Ensuring equal opportunity in tech begins early. Four discussion tracks will focusing on different stages of education and career for women and girls. 

In each track, you will hear from researchers examining the gender gap, get inspiration and insight from keynote speakers, and share your voice and experiences in working group sessions.


Early Childhood

rocking horse

Early Middle Years


Secondary To Post-Secondary





Opening Remarks

Welcome and greetings from:

  • Deputy Minister Tracey Maconachie, Economic Development and Training, Province of Manitoba
  • Dr. Jan Stewart, Interim Provost and Vice-President Academic at The University of Winnipeg
  • Video Message: Dr Jenni Sidey-Gibbons, Astronaut, Mechanical Engineer, Combustion Scientist, Lecturer
  • Ashley Smith, HR Manager, Ubisoft Winnipeg


9:15 - 10:00


Dr. Victoria Kaspi

Dr. Victoria Kaspi is a Professor of Physics at McGill University, where she holds the Lorne Trottier Chair in Astrophysics and Cosmology, and the Distinguished James McGill Chair.

10:00 - 11:00

Breakout Session 1: “It’s a Dry Cold”: Women in University Research

Dr. Janice Dodd

My interest in women in STEM came from my own experience of being the lone woman faculty member in the Department of Physiology. Our first study of women as biomedical researchers in Canada indicated that women were as likely as men to receive funding but there was a loss of women at every career level. In 2000 the Canada Research Chairs program was launched to keep the brightest in Canada. But again these prestigious awards went disproportionally to men. A Human Rights complaint was followed by a promise to level the playing field. Then in 2010 the super-chairs (CERC), a $200 million program was added to attract exceptional scientists to Canada. The awards were 19 to men 0 to women; universities put forward 38 men 0 women. Council of Canadian Academies was asked to investigate. Our Report indicated that  advancement is slower for women, a pay gap exists, mechanisms to exit the career path are many but re-entry is difficult. At that time the gold standard (a double-blind, prospective, randomized, experimental) study of science culture appeared. Moss-Rauscin sent identical CV’s with gender-specific names to science faculty members to hire a lab manager. The male applicant was seen to be more competent and offered higher salary. Importantly gender of the faculty person did not matter.  Biases about who can do science are deeply held. Gender-bias training and anti-racism policies are essential. Opening science to greater diversity is not just about employment equity but who gets to pose questions and address important problems.

11:00 - 11:15


11:15 - 12:15

Breakout Session 2: Understanding Career Persistence of Women in the Engineering Workplace in Manitoba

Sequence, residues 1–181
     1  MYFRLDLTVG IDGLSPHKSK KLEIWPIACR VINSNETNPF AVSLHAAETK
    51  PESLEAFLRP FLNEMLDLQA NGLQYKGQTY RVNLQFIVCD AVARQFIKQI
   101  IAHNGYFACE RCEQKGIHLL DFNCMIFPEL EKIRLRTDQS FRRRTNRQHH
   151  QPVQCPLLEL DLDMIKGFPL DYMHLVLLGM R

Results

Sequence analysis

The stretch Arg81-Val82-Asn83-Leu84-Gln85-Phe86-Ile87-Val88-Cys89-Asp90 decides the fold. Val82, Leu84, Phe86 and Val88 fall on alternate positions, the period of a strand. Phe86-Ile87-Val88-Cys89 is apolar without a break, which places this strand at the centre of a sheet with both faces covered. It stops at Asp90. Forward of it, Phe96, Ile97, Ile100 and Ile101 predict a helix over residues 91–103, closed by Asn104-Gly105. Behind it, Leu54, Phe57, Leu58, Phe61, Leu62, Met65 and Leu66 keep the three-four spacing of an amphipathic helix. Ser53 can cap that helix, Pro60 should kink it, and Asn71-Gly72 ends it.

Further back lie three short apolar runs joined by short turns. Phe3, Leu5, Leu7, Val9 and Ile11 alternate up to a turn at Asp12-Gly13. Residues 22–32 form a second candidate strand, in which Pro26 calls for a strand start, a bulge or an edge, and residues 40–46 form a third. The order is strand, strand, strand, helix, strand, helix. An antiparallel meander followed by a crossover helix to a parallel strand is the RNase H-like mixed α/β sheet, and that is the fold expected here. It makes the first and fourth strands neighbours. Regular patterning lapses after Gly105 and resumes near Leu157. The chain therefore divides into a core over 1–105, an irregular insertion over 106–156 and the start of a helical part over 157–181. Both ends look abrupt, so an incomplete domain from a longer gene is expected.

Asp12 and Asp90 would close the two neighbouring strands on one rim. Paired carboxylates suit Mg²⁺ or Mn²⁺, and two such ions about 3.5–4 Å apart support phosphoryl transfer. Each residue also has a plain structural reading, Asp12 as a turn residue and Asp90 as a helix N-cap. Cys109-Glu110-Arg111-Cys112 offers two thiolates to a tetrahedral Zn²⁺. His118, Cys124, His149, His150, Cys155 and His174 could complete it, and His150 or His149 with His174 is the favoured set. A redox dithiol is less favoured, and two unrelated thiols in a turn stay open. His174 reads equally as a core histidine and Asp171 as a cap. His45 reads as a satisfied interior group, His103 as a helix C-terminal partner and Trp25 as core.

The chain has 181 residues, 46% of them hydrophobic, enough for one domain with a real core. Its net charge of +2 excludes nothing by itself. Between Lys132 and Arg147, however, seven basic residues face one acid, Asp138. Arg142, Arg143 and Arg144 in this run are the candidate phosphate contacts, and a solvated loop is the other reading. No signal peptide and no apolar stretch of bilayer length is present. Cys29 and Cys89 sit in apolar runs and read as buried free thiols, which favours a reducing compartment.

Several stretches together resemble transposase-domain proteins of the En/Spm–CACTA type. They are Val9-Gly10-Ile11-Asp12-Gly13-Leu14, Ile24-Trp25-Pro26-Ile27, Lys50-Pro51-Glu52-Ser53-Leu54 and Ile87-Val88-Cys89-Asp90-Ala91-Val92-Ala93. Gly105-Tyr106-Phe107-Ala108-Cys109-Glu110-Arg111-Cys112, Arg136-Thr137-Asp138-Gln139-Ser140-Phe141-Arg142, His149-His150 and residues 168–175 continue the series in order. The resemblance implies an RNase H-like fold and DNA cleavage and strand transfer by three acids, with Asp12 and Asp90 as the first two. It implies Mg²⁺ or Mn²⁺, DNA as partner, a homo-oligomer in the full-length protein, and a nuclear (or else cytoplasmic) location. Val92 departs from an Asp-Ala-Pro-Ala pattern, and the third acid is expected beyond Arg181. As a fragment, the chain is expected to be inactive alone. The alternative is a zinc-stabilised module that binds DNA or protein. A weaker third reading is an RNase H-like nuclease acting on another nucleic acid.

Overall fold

Kathryn Atamanchuk, P.Eng., MBA, PMP, FEC

Women are underrepresented in the Canadian engineering profession at a rate of nearly 10:1 when compared to their male counterparts. This poses a problem for a profession whose goal is to provide innovative and inclusive solutions that work for all people. In Manitoba, while women are underrepresented in engineering at the same rate as the national average, there is also evidence that some either never enter the profession after graduation, or leave at various stages in their career.

While many studies have examined recruitment and retention issues of women in engineering at the postsecondary career stage, far fewer studies have examined women’s persistence in engineering practice post-graduation.  To address this, a study was undertaken that explored the elements of women’s experiences in the engineering profession that both enable and deter their persistence in the profession with an aim to understand how these elements or factors interact with one another over time & space.

The findings indicate that this is a multi-dimensional problem that includes factors such as a need for improved work-life balance, workplace cultural shifts, and confidence building. Implications of these finding include a need to support both new graduates in the professional engineering licensure process and former members who wish to return to practice. Concrete proposals to ease re-entry to practice are also presented.

12:15 - 1:15


1:15 - 2:15

Breakout Session 3: A Gender Analysis of the Occupational Pathways of STEM Graduates in Canada

Kristyn Frank

Increasing women’s participation in STEM fields has been identified as one way of meeting the growing demand for STEM-trained workers. However, despite increases in women’s educational attainment and participation in scientific occupations over the past several decades, women remain underrepresented in STEM fields. While much of the research on women in these fields concentrates on “leaks” in the STEM pipeline throughout their educational training, less is known about the loss of women from STEM fields after they obtain STEM credentials and how this compares with their male peers. This talk will discuss the results from a study which investigated the occupational pathways of women and men in Canada who hold postsecondary credentials in STEM fields. In particular, gender differences in the proportion of graduates who persisted in, exited, entered, or never worked in a STEM occupation between 2006 and 2016 will be highlighted. Some results will also be broken down by field of study groups including: (a) physical and chemical sciences; (b) biological, general and integrated sciences; (c) engineering and engineering technology; and (d) mathematics and computer and information sciences. This study was funded by Women and Gender Equality Canada.

2:15 - 2:30


2:30 - 3:00

Track Discussion Session

3:00 - 3:45

Sharing Findings


Closing Remarks